As clinicians, you are in the frontline position to help your patients by asking two key questions: “Do you smoke?” and “Do you want to quit?,” followed by use of the recommendations in this Quick Reference Guide for Clinicians.

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    Q U I C K R E F E R E N C E G U I D E F O R C L I N I C I A N S

    Treating Tobacco Use and Dependence Purpose . . . . . . . . . . . . . . . . . . . . . . . . . . . . . . . . . . . . . . . . . . . . . . . . 3

    Key Findings . . . . . . . . . . . . . . . . . . . . . . . . . . . . . . . . . . . . . . . . . . . . . 3

    Tobacco Dependence as a Chronic Health Condition . . . . . . . . . . . . 5

    Tobacco Users Willing To Quit . . . . . . . . . . . . . . . . . . . . . . . . . . . 8

    Tobacco Users Unwilling To Quit at This Time . . . . . . . . . . . . . 24

    Tobacco Users Who Recently Quit . . . . . . . . . . . . . . . . . . . . . . 28

    New Recommendations in the PHS-Sponsored Clinical Practice Guideline—Treating Tobacco Use and Dependence: 2008 Update . . . . . . . . . . . . . . . . . . . . . . . . . . . . .30

    Conclusion . . . . . . . . . . . . . . . . . . . . . . . . . . . . . . . . . . . . . . . . . . . . . 31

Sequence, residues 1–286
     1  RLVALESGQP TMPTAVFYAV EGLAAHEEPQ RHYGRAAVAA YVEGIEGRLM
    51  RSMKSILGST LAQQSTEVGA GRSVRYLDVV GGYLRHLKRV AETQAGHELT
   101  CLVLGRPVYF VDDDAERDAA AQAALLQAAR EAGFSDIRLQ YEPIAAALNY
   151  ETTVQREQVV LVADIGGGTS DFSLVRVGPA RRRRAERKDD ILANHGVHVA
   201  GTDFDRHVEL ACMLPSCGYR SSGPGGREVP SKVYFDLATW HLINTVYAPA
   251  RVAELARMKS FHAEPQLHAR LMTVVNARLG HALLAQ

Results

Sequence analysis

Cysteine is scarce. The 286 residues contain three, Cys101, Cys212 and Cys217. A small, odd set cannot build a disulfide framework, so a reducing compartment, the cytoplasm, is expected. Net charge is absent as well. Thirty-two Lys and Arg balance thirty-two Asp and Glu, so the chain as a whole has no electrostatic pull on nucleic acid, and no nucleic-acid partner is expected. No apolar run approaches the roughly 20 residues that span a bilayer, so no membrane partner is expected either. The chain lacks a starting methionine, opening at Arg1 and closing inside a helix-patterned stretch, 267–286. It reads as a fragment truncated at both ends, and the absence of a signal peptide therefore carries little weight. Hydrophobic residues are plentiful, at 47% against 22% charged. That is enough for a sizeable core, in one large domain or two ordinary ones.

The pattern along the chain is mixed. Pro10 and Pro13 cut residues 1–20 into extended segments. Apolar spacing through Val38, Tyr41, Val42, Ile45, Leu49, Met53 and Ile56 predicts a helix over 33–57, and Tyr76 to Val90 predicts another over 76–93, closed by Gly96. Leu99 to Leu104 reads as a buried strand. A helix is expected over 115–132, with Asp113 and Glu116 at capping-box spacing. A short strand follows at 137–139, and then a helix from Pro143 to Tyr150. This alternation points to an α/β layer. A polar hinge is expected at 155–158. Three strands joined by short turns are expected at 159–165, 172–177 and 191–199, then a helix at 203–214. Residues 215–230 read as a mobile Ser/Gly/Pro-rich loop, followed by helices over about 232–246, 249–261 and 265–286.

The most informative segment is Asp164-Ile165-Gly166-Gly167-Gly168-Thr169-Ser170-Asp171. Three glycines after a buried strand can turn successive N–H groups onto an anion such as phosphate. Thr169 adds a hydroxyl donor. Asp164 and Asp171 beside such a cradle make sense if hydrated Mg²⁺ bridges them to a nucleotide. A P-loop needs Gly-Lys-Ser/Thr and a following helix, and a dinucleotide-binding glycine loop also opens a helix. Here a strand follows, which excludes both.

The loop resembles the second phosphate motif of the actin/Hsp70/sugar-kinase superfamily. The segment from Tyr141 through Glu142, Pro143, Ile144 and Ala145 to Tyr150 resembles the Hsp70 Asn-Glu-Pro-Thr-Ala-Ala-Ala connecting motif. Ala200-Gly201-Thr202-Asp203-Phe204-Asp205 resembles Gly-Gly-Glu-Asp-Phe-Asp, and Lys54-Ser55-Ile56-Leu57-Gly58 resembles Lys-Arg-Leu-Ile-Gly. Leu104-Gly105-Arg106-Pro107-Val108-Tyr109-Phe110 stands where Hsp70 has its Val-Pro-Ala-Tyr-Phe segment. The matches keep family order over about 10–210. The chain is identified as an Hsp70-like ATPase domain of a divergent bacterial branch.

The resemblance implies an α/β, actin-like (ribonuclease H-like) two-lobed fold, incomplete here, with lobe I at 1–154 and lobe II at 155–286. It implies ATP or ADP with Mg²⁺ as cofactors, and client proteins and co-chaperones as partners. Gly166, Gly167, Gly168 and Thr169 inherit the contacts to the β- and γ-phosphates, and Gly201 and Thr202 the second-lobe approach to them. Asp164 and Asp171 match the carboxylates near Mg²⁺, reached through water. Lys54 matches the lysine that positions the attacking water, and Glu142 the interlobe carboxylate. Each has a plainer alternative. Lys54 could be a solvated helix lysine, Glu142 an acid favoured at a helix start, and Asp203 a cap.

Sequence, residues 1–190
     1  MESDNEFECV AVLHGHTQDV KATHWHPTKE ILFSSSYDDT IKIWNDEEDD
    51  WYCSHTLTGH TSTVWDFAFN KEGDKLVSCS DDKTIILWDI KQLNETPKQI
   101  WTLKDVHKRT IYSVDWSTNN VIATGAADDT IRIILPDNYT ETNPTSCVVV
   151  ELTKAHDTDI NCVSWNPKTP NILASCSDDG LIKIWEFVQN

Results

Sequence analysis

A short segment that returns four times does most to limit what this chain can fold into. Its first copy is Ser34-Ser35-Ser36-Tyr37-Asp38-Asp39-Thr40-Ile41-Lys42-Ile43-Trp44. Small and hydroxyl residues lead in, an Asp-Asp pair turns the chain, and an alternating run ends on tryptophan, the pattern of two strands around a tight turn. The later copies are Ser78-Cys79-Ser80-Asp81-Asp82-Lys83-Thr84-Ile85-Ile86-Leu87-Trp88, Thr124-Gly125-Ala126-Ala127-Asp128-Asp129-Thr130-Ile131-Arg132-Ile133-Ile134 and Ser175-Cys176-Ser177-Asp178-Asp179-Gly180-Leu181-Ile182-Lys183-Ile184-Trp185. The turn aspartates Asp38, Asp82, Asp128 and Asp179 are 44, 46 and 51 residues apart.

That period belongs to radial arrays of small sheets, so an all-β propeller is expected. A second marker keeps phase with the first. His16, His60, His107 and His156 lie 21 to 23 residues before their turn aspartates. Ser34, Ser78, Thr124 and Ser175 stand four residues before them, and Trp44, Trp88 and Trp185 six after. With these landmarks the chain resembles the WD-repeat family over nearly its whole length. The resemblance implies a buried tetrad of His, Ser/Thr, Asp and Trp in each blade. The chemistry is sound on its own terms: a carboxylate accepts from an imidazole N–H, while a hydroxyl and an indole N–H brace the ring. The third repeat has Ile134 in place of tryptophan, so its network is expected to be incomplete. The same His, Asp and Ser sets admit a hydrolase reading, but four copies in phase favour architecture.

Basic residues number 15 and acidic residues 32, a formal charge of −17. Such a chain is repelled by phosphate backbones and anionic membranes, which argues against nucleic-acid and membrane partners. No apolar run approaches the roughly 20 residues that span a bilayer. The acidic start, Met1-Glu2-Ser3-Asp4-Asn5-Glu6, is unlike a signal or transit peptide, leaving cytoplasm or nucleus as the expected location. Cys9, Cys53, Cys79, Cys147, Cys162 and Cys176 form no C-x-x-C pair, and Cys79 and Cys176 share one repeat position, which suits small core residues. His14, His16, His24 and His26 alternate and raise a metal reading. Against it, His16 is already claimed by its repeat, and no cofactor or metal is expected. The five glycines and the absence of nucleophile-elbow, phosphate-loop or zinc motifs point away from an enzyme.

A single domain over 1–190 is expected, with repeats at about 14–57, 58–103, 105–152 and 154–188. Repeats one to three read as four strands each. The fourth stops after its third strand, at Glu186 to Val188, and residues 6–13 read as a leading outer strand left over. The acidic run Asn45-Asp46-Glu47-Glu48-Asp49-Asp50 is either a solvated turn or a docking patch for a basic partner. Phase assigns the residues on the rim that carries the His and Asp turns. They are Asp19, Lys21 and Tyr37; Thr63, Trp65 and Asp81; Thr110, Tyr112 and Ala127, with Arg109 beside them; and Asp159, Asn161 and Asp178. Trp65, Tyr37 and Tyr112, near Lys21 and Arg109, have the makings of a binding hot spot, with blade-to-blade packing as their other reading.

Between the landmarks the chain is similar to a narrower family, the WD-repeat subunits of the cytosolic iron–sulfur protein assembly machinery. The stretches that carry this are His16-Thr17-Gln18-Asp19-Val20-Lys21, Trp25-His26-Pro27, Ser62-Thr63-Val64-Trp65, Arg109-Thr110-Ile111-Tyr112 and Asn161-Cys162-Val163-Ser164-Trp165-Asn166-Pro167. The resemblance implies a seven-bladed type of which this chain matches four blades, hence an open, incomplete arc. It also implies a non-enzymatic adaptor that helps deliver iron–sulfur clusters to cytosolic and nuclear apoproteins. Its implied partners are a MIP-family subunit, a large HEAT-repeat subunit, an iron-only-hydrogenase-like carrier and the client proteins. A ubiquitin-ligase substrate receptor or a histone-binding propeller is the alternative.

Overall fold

Guideline Availability . . . . . . . . . . . . . . . . . . . . . . . . . . . . . . . . . . . . . .32

    U.S. Department of Health and Human Services Public Health Service

    April 2009

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  • Abstract The Quick Reference Guide for Clinicians contains strategies and recommendations from the Public Health Service-sponsored Clinical Practice Guideline Treating Tobacco Use and Dependence: 2008 Update. The guideline was designed to assist clinicians; smoking cessation specialists; and healthcare administrators, insurers, and purchasers in identifying and assessing tobacco users and in delivering effective tobacco dependence interventions. It was based on an exhaustive systematic review and analysis of the extant scientific literature from 1975–2007 and uses the results of more then 50 meta-analyses.

    The Quick Reference Guide for Clinicians summarizes the guideline strategies for providing appropriate treatments for every patient. Effective treatments for tobacco dependence now exist, and every patient should receive at least minimal treatment every time he or she visits a clinician. The first step in the process—identification and assessment of tobacco use status—separates patients into three treatment categories: (1) tobacco users who are willing to quit should receive intervention to help in their quit attempt; (2) those who are unwilling to quit now should receive interventions to increase their motivation to quit; and (3) those who recently quit using tobacco should be provided relapse prevention treatment.

    Suggested Citation This document is in the public domain and may be used and reprinted without special permission. The Pubic Health Service appreciates citation as to source, and the suggested format is provided below: